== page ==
June 8th, 2009 9:36 am
Posted by Kurtis Holsapple
While I have been waiting for the up-coming Linux Kernel for some time (2.6.30), I thought that I would right a quick summary of all the excitement this new kernel holds.
With the new kernel right around the corner, most of the hype has been directed at the support for new filesystems. Changes to the EXT4 file system has gotten a lot of press, along with changes to EXT3 and BTRFS, but what I am most excited about is the inclusion of the relatively new file system NILFS (or NILFS2). NILFS stands for New Implementation of a Log-Structured File System (Version 2) and has quite the unique approach to file structure. Without getting into too many technical details, NILFS is a Log Structured file system (great article from wikipedia explaining this). Unlike tree style file systems, data is written to the head of a log, which is the file system. This makes seek times much shorter as everything is sequentially ordered.
Another great feature for this file system is it's check-point and snap shot features. Because all the data is written to a log, these logs save a check-point at regular intervals (every couple of minutes). When you want to save one of these check-points, a simple command can turn a check-point into a snap shot. As these can take up some file space, check-points are regularly removed when they become obsolete. By converting a check-point into a snap shot, you are basically saving an exact image of your file system. Even better, each of these check-points and snap shots can be mounted for very easy file recovery, or system recovery.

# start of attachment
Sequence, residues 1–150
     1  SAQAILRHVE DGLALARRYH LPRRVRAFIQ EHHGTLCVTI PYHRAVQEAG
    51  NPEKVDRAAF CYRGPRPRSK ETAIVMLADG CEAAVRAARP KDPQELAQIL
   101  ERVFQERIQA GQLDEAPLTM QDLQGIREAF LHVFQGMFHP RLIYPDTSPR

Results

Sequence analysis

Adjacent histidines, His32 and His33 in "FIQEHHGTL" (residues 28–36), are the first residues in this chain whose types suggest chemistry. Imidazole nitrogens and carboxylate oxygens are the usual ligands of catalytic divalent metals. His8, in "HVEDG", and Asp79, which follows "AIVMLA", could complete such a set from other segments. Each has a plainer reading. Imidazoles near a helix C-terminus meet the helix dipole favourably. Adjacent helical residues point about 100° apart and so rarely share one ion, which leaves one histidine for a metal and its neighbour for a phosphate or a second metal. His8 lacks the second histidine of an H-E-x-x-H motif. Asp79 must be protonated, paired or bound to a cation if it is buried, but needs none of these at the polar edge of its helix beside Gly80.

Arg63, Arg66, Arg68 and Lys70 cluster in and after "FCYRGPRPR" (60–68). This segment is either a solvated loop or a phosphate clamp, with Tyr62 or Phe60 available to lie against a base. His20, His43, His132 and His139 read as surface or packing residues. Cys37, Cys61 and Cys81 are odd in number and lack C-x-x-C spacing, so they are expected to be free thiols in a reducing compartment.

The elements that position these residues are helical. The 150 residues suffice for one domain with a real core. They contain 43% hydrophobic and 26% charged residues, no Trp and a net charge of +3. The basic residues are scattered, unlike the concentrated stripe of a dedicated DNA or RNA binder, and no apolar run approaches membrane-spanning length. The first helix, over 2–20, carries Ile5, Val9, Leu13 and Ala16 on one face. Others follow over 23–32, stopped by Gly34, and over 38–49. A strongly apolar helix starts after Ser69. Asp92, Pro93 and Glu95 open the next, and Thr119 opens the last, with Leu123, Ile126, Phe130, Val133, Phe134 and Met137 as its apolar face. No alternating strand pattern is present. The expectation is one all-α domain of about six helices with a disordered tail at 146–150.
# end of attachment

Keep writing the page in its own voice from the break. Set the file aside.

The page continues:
The best part about this new file system can be seen directly in the HPC community. With shorter seek times, hardware performance is drastic. The whole idea behind this file system was to reduce the amount of write time needed (with the assumption that most read functions would be cached). This is most noticed on solid state drives.
As nothing is ever quite perfect in the technology world, there are some downsides to NILFS. If used as the root file system on a Linux machine, there is a lot of R/W activity. On a SSD, this would kill the drive faster because of the NAND chip top number of rewrites. For now, I would recommend setting up the root of your machine with a tried and true file system, and mount a NILFS drive inside your working folder. With the great amount of activity in the HPC community, I would love to hear some feedback on anyone using NILFS in a testing or production enviroment. Please comment on this story if you have any benchmarks or questions!
For more on this subject, check out the following links:
Linux-Mag: NILFS: A File System to Make SSDs Scream
Dongjun Shin Benchmarking results (Feb 2008) (PDF)
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